The Sentence, director Rudy Valdez makes clear right from the start, was not initially a documentary. Instead, it was just his attempt to record major events in the life of his three nieces while their mother served time in prison. The opening scene shows a young girl (Autumn, age 6) getting ready for a dance recital when a phone call from her mother almost has her break down in tears. Yet the family has to move on. Autumn has to go dance, and Rudy is there documenting it all, preserving it for when his sister gets out. As the New York City-based director put it when preparing to show his feature film at Sundance, his documentary isn’t about guilt or innocence but about the “real ramifications of sending away a mother, of sending away a sister, sending away a daughter, sending away a contributing member of society.”
With the feel of home movies — for truly that’s what most of these scenes are — The Sentence chronicles the years when his sister Cindy is away. Rudy’s camera is there when Cindy’s three girls are fighting over who gets to talk to mommy next. It’s there when they’re all about to go fishing with their father, a patient man who you can tell is overwhelmed by it all but committed to making it work. It’s there when he and his mother take the girls on a road trip to visit Cindy, who’s been transferred to a prison camp in Florida where they all enjoy the hotel pool. The small moments start to add up when it becomes clear that this is no short sentence. Six-year-old Autumn calculates that she’s likely going to be 12 at the earliest when her mother gets out. Except even that is a conservative estimate. For Cindy is serving a 15-year sentence.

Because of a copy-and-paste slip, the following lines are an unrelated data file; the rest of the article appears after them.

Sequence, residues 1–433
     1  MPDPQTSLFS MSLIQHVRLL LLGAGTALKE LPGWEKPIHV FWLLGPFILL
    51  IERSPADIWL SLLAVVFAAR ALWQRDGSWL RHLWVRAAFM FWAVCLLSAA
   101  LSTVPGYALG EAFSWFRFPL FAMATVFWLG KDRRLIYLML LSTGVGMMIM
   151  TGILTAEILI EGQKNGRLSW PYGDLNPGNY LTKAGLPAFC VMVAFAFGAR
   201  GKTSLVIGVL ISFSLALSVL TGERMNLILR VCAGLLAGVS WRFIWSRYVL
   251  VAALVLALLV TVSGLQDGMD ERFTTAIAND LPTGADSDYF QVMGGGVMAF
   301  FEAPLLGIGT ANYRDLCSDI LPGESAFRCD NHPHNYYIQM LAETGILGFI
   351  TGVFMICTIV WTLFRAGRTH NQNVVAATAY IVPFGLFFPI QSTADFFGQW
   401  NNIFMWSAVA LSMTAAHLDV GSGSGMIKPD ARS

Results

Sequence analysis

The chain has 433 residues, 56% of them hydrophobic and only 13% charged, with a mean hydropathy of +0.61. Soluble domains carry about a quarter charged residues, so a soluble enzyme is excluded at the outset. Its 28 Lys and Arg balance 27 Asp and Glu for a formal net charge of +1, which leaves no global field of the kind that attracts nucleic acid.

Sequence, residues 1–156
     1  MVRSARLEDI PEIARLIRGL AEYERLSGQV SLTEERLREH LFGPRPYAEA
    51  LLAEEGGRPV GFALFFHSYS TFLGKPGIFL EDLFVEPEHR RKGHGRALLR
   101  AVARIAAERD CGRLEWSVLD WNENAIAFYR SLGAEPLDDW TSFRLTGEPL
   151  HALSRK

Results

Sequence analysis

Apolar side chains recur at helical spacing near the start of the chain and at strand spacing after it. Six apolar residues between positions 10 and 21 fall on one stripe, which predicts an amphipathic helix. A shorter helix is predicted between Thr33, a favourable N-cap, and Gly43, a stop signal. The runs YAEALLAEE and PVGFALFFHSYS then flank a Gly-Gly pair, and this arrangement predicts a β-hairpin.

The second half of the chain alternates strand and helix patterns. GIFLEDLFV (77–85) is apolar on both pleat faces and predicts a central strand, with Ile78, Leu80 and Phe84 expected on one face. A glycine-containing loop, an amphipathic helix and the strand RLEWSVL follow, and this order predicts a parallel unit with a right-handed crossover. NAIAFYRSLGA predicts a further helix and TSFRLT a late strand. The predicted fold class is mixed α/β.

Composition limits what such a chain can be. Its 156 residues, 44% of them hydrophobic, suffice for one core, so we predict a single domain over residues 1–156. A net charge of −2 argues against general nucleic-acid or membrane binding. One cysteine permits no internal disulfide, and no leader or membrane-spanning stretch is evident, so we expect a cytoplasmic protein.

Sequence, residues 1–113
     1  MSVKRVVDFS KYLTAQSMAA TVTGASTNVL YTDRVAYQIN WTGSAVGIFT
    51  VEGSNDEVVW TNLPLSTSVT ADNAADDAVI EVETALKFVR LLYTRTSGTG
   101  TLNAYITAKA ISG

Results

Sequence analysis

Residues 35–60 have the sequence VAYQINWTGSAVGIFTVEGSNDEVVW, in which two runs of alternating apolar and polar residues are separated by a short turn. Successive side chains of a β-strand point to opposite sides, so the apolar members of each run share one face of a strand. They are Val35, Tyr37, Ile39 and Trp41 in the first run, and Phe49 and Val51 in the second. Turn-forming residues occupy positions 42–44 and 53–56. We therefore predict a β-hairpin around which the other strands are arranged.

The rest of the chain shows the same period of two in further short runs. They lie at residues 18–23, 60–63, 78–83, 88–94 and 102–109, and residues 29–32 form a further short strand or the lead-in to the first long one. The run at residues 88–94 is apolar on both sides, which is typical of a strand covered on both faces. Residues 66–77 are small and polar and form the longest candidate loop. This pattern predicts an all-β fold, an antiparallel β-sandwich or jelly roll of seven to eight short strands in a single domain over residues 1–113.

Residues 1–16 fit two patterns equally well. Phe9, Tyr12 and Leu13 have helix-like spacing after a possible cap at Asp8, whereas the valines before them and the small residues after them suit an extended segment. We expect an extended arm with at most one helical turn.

The documentary is slow to give us all the details, forcing us instead to really feel the absence of the mother of these girls. Valdez opens his doc in 2008 but soon his title cards (and Cindy’s ever-growing girls) alert us that plenty of time has gone by. Months at first, later years. Here’s the short version: coming from a family of migrant farmers-turned-entrepreneurs and teachers, Cindy was hoping to become the first Valdez to go to college in the United States. In fact, she wanted to become a filmmaker.
A wrong choice as a young woman meant that when her drug-dealing boyfriend was killed, she was charged as a co-conspirator of his crimes —charges that were eventually dropped only to be tried for them years later after she’d built a family and a new life for herself. Per the law, she got a mandatory minimum sentence of 15 years under what experts unofficially dub the “girlfriend problem”: that’s when girlfriends of criminals end up paying for crimes they were at most only witnesses to.
A kind of inverse Orange is the New Black, The Sentence asks us to follow not the person inside but those who are left waiting outside. “You’re locked up too,” Rudy’s mother tells him on camera. In fact, seeing the toll Cindy’s sentence takes on her larger family is hard to watch: this is as tearjerking a doc as you’re likely to find. It is not made for the faint of heart. Nor should it be, considering the tricky emotional and political landscape the film covers.
Valdez weaves Cindy’s legal battle to get out early, eventually asking for clemency from President Barack Obama himself (a fight both siblings know is near-impossible), with larger discussions about prison reform policy and the work of tireless advocates for people like his sister. What emerges in this HBO Documentary is a portrait not just of a family having to deal with an absent mother, an absent daughter, an absent wife, but of a system that forces itself to not think of convicted felons and inmates as anything other than quotas and numbers. Cindy is but an example of an epidemic that’s affecting thousands of lives in the United States every year.
The Sentence opens in select theaters on October 12 and premieres on HBO October 15.